By most accounts, Seymour, who lost an eye to smallpox, was not a fire-and-brimstone preacher, but a meek man of Scriptural fluency who won over churchgoers with his devout demeanor. According to “The Holiness-Pentecostal Movement in the United States” by Vinson Synan, Seymour’s sojourn west came about after a visitor from Los Angeles named Neely Terry caught one of Seymour’s sermons. When Terry returned to the West Coast and found that she and several other churchgoers had been expelled from the Second Baptist Church because of their Holiness views, she suggested they send for Seymour to preach for their fledgling group. When he arrived in February 1906, Seymour addressed a small congregation that wasn’t ready to hear about the third act of grace, the speaking in tongues baptism. When Seymour admitted that he had not yet experienced “glossolalia” himself, he was dismissed.

With no money and no place to go, Seymour was taken in by sympathetic church members Richard and Ruth Asbery, who would hold gospel concerts in front of their house at 214 Bonnie Brae St. and then invite those interested inside for prayer meetings. On April 9, 1906, with Seymour using Acts 2:1-4 as the text of his sermon, several of the group began speaking in tongues for the first time. Some were in trances for hours and neighbor Jennie Evans Moore, who had just moved to Los Angeles from her native Austin, sat at the piano and started playing a song even though she’d never played before. (The piano is still in the Asbery home, maintained as a museum by the Church of God In Christ.)

Word of the event quickly spread through both the black and white religious communities and the house on Bonnie Brae Street was soon hosting packed services nightly. After three days, Seymour spoke in tongues for the first time. So many people showed up that night that the porch collapsed. Needing a bigger building, the group rented a 40-foot-by-60-foot wood-frame structure at 312 Azusa St. without indoor plumbing, for $8 a month.

The building originally held an African Methodist Episcopal church, but in recent years it had been used as a stable and to store construction supplies. Seymour moved into a room upstairs. From the start, Seymour established that the Apostolic Faith Gospel Mission would be integrated. “No instrument that God can use is rejected on account of color or dress or lack of education,” Seymour wrote in the monthly newsletter, The Apostolic Faith. Wealthy orange growers lay prostrate on the ground beside fieldhands, government officials held their arms aloft next to drifters weeping under the spell. The religious world had never seen anything like what was happening at Azusa Street. Crowds grew to the 750 capacity, with hundreds more outside. Dramatic conversions occurred around the clock. Some whites, although intrigued by what they were hearing, were reticent to worship with blacks.

One such preacher was A.G. Osterberg, according to “The Life and Ministry of William J. Seymour” biography by Larry Martin. Osterberg was won over when he saw tears rolling down the eyes of parishioners “slain in the spirit.” The theme of the meeting, Osterberg wrote, was “we are hungry for more God.” Unsatisfied with the stodgy services of mainstream religion, he had felt the same way and soon became one of the Azusa leaders, lending his construction crew to fix up the old building.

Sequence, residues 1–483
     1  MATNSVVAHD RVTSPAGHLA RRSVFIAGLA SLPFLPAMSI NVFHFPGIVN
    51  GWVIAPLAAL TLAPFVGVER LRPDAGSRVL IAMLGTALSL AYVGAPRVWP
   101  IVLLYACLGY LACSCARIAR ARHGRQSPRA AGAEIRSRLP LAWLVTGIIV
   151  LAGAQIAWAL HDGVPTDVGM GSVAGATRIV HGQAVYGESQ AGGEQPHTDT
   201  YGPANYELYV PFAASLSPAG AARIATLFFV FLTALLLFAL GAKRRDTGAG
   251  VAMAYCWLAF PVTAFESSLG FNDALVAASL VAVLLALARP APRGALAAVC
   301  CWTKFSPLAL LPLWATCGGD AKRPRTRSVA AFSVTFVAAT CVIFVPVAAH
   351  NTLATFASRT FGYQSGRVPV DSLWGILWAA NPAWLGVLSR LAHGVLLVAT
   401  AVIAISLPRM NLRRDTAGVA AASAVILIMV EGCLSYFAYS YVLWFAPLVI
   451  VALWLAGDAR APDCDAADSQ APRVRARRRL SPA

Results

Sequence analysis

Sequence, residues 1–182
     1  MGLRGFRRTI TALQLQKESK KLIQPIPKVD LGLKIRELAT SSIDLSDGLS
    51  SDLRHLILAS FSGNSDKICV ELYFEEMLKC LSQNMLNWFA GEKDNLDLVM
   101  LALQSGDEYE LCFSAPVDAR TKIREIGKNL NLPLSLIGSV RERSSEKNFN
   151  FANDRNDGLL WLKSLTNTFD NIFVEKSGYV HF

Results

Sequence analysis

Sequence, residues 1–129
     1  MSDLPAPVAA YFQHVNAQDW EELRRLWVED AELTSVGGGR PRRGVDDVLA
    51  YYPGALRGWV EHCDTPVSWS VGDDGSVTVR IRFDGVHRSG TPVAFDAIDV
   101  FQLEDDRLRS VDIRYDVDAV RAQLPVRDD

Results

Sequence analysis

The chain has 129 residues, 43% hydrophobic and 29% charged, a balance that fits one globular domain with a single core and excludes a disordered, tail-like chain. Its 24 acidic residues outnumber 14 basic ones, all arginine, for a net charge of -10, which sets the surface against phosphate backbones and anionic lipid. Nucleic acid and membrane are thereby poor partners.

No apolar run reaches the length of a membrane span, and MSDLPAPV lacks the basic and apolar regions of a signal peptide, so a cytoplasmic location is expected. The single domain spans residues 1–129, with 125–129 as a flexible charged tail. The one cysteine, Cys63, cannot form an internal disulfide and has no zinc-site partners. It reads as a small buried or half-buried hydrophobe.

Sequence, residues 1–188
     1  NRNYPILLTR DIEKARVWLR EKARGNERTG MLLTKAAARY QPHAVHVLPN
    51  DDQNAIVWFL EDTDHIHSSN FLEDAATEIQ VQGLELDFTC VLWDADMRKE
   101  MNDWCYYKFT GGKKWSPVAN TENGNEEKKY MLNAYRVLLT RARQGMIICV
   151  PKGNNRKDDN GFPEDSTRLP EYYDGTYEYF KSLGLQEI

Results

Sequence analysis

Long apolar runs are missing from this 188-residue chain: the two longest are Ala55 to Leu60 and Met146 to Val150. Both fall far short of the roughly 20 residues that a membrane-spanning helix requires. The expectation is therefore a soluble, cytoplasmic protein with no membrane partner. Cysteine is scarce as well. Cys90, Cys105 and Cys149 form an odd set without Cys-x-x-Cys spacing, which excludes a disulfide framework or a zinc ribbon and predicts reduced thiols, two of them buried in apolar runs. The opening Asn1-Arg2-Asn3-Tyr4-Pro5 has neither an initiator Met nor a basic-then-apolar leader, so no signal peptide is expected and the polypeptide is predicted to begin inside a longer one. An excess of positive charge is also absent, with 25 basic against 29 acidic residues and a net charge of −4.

In October 1906, Seymour was proud to host Parham, the father of the Pentecostal doctrine, but the mentor, an avid segregationist, was aghast at the intermingling of races, as well as the feverish proceedings, which often found churchgoers banging on tambourines and running up and down the aisles. “God is sick to his stomach,” he told his former student. Parham opened a rival mission in Los Angeles, but it failed to attract followers and he returned to Texas. A year later, Parham was arrested in San Antonio and charged with sodomy with young males. Although Parham vigorously denied the charges and the case was dropped, the scandal ruined him with the religious community and he quickly became distanced from the religion he founded.

Eventually, the Azusa Street Revival, born of unity, developed a split along the lines of doctrine, race and even romance. In May 1908, Seymour married Moore, which reportedly angered one heartsick female administrator so much that she left with the mission’s

mailing list and established her own church in Portland, Ore. In 1911, a white preacher named William Durham contested some of Seymour’s views, while filling in at Azusa Street when Seymour was away. When Seymour returned and confronted Durham, the white preacher left and took an estimated 600 white members with him to his new church. By the time of Seymour’s death from a heart attack in 1922, the congregation of the Apostolic Faith Gospel Mission was almost entirely black.

His wife kept the historic mission going through tough times until 1931, when the city declared the building a fire hazard and tore it down. She died in 1936. The two-block-long Azusa Street is now just a parking lot in Los Angeles’s Little Tokyo neighborhood.

The business of saving souls is filled with those who know every word of the Bible, forward, back and sideways, without studying much about the people who galvanized the message. The once-dismissed doctrine William J. Seymour preached from a former livery stable, the manger of the Pentecostal movement, has endured and is indeed gaining more acceptance a hundred years after Seymour first learned of the Holy Ghost baptism of speaking in tongues. As a man of God, that’s everything Seymour could’ve hoped for. But as a black man who brought the races together in a time of segregation, it’s regrettable that he didn’t leave a social legacy as well.

One thought on “Hungry For More God: Roots of the Pentecostal Movement

Leave a Reply

Your email address will not be published. Required fields are marked *